• When working remotely, whether from home or another location, make sure to understand what security measures need to be deployed. This includes having competence about secure WiFi, virtual private networks, firewalls, antivirus software, encryption, strong passwords, and more. Lawyers should implement security measures like these to safeguard confidential information and protect communication on all devices used for work purposes. Also, carefully review the terms of service for hardware devices, software systems, cloud providers, and virtual document platforms to make certain there are no security concerns with using certain technologies or devices and that vendors deploy acceptable standards.

  • Research virtual meeting platforms and videoconferencing apps before setting up a meeting with a client or business associate. Confidential information discussed over audio or video needs to be kept secure. Lawyers need to know if a certain app or platform records conversations or creates a transcript so they can get client consent before conducting a meeting.

  • Be aware of devices that have listening-enabled features so these capabilities can be disabled when communicating about a confidential matter. Failure to be aware of this puts client data at risk for inadvertent disclosure or hacking.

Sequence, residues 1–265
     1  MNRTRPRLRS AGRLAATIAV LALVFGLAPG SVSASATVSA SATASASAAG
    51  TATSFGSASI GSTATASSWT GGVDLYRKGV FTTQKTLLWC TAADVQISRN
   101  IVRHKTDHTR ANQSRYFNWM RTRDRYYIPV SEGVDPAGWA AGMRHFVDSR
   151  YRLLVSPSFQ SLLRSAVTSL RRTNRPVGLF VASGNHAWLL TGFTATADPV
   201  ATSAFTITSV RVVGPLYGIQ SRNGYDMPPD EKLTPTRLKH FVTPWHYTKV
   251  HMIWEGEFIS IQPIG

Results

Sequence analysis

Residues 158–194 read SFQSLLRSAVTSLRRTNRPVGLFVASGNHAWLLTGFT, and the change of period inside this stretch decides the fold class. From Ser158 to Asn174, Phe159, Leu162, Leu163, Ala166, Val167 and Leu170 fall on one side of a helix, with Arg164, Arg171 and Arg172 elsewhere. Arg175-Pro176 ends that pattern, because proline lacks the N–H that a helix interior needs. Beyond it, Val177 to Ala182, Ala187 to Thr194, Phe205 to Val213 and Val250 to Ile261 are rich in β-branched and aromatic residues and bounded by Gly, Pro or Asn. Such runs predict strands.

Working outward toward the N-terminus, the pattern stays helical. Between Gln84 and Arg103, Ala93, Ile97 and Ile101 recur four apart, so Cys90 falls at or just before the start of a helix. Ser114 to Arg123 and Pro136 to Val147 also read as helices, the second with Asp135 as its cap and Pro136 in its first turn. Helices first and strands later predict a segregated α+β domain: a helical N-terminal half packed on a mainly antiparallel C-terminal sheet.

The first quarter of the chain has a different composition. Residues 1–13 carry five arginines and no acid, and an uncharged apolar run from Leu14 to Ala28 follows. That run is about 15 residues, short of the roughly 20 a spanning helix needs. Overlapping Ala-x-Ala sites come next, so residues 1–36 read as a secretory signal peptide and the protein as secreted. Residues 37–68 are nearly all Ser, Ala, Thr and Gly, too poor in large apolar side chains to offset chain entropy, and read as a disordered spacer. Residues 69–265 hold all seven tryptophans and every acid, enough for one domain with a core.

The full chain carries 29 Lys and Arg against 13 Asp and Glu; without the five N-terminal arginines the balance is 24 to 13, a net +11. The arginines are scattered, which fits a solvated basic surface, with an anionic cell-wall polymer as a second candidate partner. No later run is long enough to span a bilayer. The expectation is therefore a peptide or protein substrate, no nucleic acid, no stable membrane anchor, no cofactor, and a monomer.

• Create policies that promote technological competence and provide mandatory training for the department or firm. Lawyers need to ensure that the subordinates they supervise keep up to date on new technologies and implement proper security measures because senior lawyers can face ethical violations for inadequate supervision that results in an ethical violation.

Keeping these ethical considerations in mind and adopting policies around virtual practice will help lawyers uphold the duty of competence and other duties in the same manner as if they were conducting business in person. Just remember that the competence obligation is evolving and requires more diligence than ever before as the legal industry navigates the digital age. While every lawyer will not adopt the same level of technology, proper education about what other lawyers are doing in a given practice area is crucial. This requires taking a step past actually embracing emerging technologies. Lawyers also need to have some level of operational understanding about the technology they use. This includes things like Zoom meetings, communication apps, data exchange platforms, AI solutions, and electronic devices. Failure to properly maintain technology competence can result in ethical violations, court sanctions, hacking, and client confidentiality breaches. If hesitancy to adopt and learn about relevant technology remains, just remember that there are several added bonuses like client marketability, cost savings, more efficient workflows, better outcomes, and faster results.

For more information on Epiq’s advanced technologies, please visit https://www.epiqglobal.com/en-us/technologies

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The contents of this article are intended to convey general information only and not to provide legal advice or opinions.